How Do You Maintain Your Brakes?
So, what does brake maintenance entail? Well, when most drivers think of maintenance, they often think of checking the coolant level, tires, and not always brake maintenance. For most drivers, the only time they’ll need to check their brake system is when it increasingly gets harder to come to a stop —which is extremely dangerous.
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How Does the Braking System Work?
Just like your entire skeletal system interconnects in a framework, your brake system relies on each of its connected parts in its framework to function properly and safely. When you press your brake pedal, the cylinder that is responsible for delivering the brake fluid to the calipers engages your vehicle’s brake pads. Your brake pads will then apply pressure to your brake rotors, which in effect, create the friction needed to get your vehicle to stop. As you have already noticed, all the brake system parts work together to perform a crucial function: precise and safe stopping power. Therefore, to effectively maintain your braking system, all these parts need to be in good working condition, all the time.
Brake fluid maintenance
Your vehicle’s brake fluid reservoir holds all the fluid that is not currently in the brake line. The reservoir is located under your hood and works by maintaining the pressure in your brake system as well as holding excess fluid. Maintaining the brake fluid is simple, and our mechanics will only need to look for obvious cracks and leaks and check for fluid levels. A rule of thumb is to replace your brake fluid once every two years or every 40,000 miles.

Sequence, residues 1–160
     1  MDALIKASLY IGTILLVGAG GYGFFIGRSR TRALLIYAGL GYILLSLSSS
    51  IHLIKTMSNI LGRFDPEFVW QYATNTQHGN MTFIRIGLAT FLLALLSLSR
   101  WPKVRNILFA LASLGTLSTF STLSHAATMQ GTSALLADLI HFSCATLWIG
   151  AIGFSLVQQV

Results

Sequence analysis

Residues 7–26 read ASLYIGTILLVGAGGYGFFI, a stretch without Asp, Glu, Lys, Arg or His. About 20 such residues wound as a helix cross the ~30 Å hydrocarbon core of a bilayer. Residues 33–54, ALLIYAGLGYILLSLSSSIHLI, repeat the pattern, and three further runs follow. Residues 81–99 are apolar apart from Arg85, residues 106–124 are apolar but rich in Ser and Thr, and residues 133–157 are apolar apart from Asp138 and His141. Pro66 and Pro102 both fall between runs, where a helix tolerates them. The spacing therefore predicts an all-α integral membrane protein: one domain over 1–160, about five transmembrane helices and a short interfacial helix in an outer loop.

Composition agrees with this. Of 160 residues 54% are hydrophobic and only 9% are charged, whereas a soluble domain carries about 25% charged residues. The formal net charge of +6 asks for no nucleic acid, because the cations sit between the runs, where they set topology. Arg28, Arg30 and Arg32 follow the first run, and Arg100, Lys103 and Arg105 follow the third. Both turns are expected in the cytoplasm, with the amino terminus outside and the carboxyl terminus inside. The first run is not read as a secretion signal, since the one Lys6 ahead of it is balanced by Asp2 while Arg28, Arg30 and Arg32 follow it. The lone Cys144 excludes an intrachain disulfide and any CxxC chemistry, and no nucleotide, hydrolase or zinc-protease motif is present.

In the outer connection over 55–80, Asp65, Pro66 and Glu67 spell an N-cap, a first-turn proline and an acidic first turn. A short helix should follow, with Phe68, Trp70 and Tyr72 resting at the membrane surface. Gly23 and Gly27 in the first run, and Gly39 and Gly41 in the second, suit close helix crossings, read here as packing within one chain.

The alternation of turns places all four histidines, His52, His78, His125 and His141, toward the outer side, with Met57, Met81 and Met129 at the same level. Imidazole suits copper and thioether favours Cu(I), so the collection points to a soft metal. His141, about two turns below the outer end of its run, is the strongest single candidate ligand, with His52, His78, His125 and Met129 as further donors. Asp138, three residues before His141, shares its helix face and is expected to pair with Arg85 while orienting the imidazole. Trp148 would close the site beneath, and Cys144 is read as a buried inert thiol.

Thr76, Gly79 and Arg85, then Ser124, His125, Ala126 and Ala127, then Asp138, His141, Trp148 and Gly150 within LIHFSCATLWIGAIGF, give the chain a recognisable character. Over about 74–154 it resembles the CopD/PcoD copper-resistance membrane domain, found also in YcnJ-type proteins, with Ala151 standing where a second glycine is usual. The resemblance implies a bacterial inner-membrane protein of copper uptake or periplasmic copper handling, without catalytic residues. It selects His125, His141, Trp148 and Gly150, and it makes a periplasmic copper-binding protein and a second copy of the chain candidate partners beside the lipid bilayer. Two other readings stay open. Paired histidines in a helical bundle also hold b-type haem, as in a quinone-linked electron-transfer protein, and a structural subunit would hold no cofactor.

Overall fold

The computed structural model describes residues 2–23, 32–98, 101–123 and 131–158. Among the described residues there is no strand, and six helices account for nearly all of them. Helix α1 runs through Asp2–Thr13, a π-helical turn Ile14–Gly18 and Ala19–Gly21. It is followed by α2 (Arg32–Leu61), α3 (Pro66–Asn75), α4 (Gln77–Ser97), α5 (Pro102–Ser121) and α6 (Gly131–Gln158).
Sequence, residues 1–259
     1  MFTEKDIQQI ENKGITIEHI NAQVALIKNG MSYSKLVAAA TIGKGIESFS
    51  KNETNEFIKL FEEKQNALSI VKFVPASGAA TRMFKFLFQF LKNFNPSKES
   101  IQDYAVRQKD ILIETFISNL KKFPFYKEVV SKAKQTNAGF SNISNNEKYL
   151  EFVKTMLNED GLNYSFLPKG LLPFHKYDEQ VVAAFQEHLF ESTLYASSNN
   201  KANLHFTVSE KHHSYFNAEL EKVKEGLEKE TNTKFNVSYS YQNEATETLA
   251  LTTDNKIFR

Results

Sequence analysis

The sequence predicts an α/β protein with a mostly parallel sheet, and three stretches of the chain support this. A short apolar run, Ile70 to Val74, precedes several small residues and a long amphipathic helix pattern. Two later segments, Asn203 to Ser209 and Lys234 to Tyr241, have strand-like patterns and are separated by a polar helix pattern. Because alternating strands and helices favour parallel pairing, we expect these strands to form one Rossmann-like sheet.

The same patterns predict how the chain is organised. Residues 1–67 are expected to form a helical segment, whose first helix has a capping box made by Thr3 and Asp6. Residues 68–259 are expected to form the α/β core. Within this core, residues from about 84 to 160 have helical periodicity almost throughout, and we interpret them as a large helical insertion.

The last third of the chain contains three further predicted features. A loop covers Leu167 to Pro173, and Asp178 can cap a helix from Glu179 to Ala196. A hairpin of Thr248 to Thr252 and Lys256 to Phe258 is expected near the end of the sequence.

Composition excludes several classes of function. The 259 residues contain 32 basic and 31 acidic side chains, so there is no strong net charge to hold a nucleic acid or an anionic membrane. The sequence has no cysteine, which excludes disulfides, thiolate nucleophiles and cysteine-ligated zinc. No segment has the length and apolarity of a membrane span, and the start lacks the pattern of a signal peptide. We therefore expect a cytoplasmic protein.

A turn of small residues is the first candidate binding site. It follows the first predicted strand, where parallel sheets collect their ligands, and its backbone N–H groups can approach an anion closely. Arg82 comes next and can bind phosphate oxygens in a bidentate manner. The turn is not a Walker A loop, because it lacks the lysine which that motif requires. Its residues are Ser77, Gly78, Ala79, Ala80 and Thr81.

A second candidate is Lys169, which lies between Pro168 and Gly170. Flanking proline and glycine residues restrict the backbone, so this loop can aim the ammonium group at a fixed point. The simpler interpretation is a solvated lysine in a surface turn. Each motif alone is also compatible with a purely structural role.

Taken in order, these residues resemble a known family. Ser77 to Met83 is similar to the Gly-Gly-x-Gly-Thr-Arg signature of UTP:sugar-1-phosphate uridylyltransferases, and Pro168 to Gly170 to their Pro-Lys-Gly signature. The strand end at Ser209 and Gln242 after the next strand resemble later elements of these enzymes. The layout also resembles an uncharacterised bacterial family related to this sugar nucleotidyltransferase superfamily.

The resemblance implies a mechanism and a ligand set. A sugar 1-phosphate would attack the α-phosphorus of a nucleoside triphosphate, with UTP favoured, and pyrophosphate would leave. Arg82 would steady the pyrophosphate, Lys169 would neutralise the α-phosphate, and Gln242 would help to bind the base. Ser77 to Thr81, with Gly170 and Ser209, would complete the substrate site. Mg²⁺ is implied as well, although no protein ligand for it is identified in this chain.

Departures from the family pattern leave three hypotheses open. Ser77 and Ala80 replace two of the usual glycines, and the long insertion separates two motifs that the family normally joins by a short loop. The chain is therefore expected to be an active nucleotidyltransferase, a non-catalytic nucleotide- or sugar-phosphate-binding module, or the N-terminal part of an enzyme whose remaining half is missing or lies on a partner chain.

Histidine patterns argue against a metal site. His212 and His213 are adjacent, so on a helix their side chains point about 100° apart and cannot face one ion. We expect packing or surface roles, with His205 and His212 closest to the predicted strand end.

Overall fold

Brake Rotor Maintenance
Your vehicle’s brake rotors are the metal discs that your brake pads press against when you step on the brake pedal. When you are checking your brake pads for wear, it’s a good idea to check your rotors as well —and more so if you are having your wheels removed for the inspection. Your mechanic will check for grooves and cracks in the rotor. If they are not perfectly round, they will need replacing on both rotors at the end of the vehicle. It is important to ensure that your rotors are wearing out evenly, ensuring that your vehicle has even gripping surfaces on both sides, which helps prevent any odd pulling on one side of the vehicle during braking.
Brake Pad Maintenance
Your brake pads work by pressing against the rotors forcing your vehicle to come to a stop. When brake pads wear out, the driver will experience several issues from noises to complete brake failure. Fortunately, you could notice these symptoms early before they get out of hand. Depending on your vehicle, you can visually inspect your wheels without taking them out to check for signs of wear. They need to be at least 5mm, and evenly worn across each pad. Therefore, unless you can hear noise from your wheel, experience stopping problems or your steering wheel vibrates when you are braking, your brake pads need replacing every 10,000 miles.
Brake Line Maintenance
Your brake line consists of two main materials, rubber, and steel. The high-pressure steel line carries the fluid in most areas, while the rubber lines are used near the wheels making it easy for you to steer as the line moves. Routinely changing your brake fluid will go a long way in helping your brake lines last longer. The moment you check-in for a brake maintenance service at your local car repair center, your mechanics will inspect your system for wetness in your wheels or puddles near the line. If any of these checks out, it’s a sign that a rubber line could have a crack or hole and leaks when you press the brake pedal.